Ponderings with Doug – March 8, 2019

I’m thinking about what I am “giving up for Lent.”

I was talking to a friend of mine who told me, “I’m simply frazzled.” My mind pictured this minister who was standing there with his hair standing on end, face covered in soot, holding his burning Bible, while trying to answer a cell phone call and a text message simultaneously. When I looked down at the blank spaces I had filled in on my calendar for the coming days, I understood this idea of being “frazzled.”

There is a saying, “I am so busy I don’t know if I have found a rope or lost a horse.”

Our culture demands frazzled, frenetic activity of us. If we play the game of culture, we must check our email, Facebook, Instagram and Twitter accounts regularly, right? I left Facebook, I never tweeted, and my computer only checks my email a couple of times a day. I do look at Instagram because that is where I find my children and grandchildren.

I decided that for Lent I would give up the “tyranny of the immediate.” If it does not get done today, I’ll get to it tomorrow. If it is still there tomorrow, maybe it didn’t need doing in the first place.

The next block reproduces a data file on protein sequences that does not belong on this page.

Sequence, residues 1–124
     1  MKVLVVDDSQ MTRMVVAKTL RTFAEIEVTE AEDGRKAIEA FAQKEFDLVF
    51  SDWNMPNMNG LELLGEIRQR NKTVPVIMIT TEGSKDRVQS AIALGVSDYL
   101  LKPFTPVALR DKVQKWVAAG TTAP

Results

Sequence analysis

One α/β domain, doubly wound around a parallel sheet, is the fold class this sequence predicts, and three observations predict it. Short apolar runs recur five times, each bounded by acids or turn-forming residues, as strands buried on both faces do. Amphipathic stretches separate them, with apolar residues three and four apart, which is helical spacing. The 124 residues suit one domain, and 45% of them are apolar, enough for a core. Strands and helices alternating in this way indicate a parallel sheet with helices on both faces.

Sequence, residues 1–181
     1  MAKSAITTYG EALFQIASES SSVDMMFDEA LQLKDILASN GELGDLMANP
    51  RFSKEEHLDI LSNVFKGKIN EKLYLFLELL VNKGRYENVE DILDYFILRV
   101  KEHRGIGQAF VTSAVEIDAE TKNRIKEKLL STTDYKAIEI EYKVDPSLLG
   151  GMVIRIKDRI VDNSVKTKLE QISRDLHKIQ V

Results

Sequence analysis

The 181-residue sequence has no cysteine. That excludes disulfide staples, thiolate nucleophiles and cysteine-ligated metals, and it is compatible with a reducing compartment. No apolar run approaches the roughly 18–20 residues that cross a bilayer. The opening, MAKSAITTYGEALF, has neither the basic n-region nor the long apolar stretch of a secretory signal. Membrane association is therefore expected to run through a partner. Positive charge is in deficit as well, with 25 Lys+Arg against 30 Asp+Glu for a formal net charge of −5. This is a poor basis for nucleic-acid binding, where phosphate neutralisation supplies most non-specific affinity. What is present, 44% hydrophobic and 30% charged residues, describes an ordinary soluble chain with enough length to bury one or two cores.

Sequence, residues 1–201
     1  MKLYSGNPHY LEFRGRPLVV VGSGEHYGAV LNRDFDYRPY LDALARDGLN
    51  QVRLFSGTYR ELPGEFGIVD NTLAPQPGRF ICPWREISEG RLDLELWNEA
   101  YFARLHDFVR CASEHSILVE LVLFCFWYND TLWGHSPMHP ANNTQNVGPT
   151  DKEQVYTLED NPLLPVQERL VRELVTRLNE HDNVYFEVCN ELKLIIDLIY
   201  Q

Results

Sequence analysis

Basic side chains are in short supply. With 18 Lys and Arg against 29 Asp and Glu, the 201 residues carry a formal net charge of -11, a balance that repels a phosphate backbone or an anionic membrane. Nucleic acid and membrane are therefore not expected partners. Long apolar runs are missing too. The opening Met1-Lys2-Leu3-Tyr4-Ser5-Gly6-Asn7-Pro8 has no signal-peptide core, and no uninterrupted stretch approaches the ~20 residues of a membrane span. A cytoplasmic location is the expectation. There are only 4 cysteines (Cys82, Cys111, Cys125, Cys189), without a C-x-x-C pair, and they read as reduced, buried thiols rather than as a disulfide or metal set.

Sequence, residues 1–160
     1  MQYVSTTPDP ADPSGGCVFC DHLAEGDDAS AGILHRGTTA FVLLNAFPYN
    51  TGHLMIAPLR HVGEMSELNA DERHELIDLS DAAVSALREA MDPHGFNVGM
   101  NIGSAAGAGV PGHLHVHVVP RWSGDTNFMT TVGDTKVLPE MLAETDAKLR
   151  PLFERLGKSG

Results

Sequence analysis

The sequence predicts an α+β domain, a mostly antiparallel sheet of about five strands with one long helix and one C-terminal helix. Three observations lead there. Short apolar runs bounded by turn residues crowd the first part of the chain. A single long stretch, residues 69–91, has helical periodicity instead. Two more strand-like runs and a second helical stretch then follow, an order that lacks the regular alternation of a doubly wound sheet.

I am not suggesting that you shirk your responsibilities at all. I am suggesting that we need to learn some things about living for the long run.

First insight, if God rested on the seventh day, perhaps you need to take some time off too. Since that won’t happen, because I know you, let me make a substitute suggestion. Allow yourself two peace pockets a day. A peace pocket is a ten-minute break you take in your day. For me, it means turning off the phone, turning off the monitor on my computer and closing my door. I don’t do anything for ten minutes. If you need cover for yourself just tell the people around you that you are going to work hard for the next ten minutes on doing nothing. How like us to talk about working hard at doing nothing. If you can’t take a day off, take two peace pockets and call me later.

Second insight, make priorities your priority. Don’t you think we ruminate over trifles? The disciples lost Jesus once. He wasn’t lost, but they couldn’t find him. Jesus was off by himself praying. When the disciples found Him and most likely interrupted Him, they said, “The whole town is looking for you.” Jesus told them that he had “other places to go and to be.” Jesus had priorities and goals and would not be distracted by trifles.

If God rested and Jesus set priorities, perhaps we should take the hint and just get rid of some of the things in our lives that make us feel frazzled. Then maybe we can decide if we have “found a rope or lost a horse.”

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